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Sioux tribes race to raise money to buy ceremonial land at auction

In South Dakota, Sioux tribes have turned to the online community to raise money to buy at least part of 2,000 acres of Black Hills land they say is part of their creation story.
In South Dakota, Sioux tribes have turned to the online community to raise money to buy at least part of 2,000 acres of Black Hills land they say is part of their creation

In the pristine Black Hills of South Dakota, the Great Sioux Nation is in a race against the clock to raise money to buy nearly 2,000 acres of ancestral land called Pe’ Sla.

Since 1876, the Battle of Little Big Horn, the land has belonged to the Reynolds, a ranching family that has owned land where the Lakota perform healing ceremonies. But the Reynolds have put the land on the auction block, dividing the 1,940 acres into five tracts to be sold to the highest bidders.

The Sioux tribes – known as Lakota, Dakota and Nakota – have turned to the online community, soliciting money to buy the land.

Their aim: $1 million. But so far, with 57 hours left, they have raised $156,000, one tenth of their goal.

“Once they released the flyer advertising the auction, that’s when reality hit,” Chase Iron Eyes, a member of the Standing Rock and Oglala tribes. The Reynolds Prairie Ranches include most of Pe' Sla, Iron Eyes said. 

Brock Auction Co., based in Iowa, is managing the sale of the Reynolds Prairie Ranches, currently owned by Leonard and Margaret Reynolds. The images of the property show remote, unending grasslands where cowboys and deer roam.  Bruce Brock, the auctioneer, refused to say how much he expects from the sale and said he would not comment on the issue.

Pennington County has assessed the Reynolds’ property at $341,800, according to documents available online, although Iron Eyes said he has heard second-hand that the auction house expects between $4 million and $10 million.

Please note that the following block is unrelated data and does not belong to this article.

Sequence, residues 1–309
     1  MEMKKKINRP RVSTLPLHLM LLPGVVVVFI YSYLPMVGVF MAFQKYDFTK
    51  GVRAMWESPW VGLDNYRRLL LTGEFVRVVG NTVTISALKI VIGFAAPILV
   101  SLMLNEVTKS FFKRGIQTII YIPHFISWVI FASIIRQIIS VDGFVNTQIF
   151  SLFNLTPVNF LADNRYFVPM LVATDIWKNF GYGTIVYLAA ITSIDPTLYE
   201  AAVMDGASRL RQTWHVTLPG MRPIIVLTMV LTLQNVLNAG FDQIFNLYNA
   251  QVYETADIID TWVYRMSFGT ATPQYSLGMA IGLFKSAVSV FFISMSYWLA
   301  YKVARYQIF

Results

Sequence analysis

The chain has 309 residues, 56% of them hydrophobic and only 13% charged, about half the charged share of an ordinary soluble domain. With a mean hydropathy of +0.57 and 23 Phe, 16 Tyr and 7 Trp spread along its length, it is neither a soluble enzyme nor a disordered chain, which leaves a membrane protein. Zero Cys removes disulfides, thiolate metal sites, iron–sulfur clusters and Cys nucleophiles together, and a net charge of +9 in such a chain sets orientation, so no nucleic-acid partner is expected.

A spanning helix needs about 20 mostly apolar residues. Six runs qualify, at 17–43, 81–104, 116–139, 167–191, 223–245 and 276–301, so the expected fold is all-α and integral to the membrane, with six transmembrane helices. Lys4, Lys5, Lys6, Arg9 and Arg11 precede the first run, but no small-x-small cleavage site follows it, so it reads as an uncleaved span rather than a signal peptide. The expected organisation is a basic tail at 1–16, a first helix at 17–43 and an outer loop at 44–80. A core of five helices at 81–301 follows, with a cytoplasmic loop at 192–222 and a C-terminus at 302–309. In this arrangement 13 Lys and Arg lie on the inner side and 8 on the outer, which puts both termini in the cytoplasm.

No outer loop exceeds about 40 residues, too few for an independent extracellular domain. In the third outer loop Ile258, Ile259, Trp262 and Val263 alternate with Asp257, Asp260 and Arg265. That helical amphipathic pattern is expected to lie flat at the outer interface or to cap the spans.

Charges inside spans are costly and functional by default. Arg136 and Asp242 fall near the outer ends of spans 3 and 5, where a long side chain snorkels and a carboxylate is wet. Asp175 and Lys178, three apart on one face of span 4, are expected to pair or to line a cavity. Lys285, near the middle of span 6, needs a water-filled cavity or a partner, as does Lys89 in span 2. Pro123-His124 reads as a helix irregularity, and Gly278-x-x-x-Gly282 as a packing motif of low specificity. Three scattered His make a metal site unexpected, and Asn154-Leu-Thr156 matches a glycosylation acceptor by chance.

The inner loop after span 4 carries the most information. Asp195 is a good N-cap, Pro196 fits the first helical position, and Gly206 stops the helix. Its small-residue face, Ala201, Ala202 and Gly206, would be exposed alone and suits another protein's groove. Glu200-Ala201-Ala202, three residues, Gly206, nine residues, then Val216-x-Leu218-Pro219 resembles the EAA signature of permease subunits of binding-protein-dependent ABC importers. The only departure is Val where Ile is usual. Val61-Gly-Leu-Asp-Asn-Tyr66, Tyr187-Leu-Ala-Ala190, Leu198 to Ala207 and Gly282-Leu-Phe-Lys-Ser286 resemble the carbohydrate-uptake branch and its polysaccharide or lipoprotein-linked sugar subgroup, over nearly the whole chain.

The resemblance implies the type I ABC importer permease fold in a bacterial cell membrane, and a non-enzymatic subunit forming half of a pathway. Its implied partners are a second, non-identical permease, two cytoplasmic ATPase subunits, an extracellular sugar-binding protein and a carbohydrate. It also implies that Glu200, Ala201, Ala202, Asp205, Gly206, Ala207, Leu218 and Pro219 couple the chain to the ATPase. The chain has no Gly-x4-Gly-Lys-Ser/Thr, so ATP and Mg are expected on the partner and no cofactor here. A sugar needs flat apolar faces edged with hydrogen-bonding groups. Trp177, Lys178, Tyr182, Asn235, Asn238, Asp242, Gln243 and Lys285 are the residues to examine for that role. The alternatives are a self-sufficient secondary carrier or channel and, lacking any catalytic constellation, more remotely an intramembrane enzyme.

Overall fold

Iron Eyes said the Black Hills have become a tourist destination – in part because of Sturgis, the biker rally that draws thousands to the area. Further, the state has expressed interest in paving a gravel road that goes through most of Pe’ Sla.

“The potential is very real,” Iron Eyes said. “There’s no telling what’s going to happen, what sort of development is going to come along.”

Pe’ Sla is at the heart of the Lakota creation story and is where tribe members believe all life begins. Generations of Reynolds have allowed the Lakota to hold ceremonies on the land, considered one of five sacred pilgrimage sites linked with the arrangement of the stars.

According to the Associated Press, the story goes that the Morning Star fell to earth at Pe’ Sla, killing seven women whose souls were placed in the sky, forming “The Seven Sisters,” or the Pleiades constellation.  

Around the time that the Reynolds homesteaded in 1876, gold was found in western South Dakota, and Congress promptly passed a law seizing the land. In 1980, the federal Indian Claims Commission awarded the Sioux tribes $102 million for the loss of the Black Hills, but they have refused to take the money.

The money, sitting in a U.S. Treasury account, is now worth about $1 billion, according to the Atlantic magazine, but remains untouched.

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“That’s a very touchy subject,” Iron Eyes told NBC News. “That is the only remedy for stealing our land. We want the land back. We’ve been living in grinding, harsh poverty for 100 years or better, and we still won’t take the money. That’s like asking us to sell our own mother.”

As for what will happen at the auction, scheduled for 10 a.m. on Saturday at the Ramkota Inn, Iron Eyes doesn’t know. For now, the tribes are focused on their deadline.

“I don’t have a game plan for what happens after,” he said. “There are a lot of people who are extremely concerned about how this is one of our most sacred places.”

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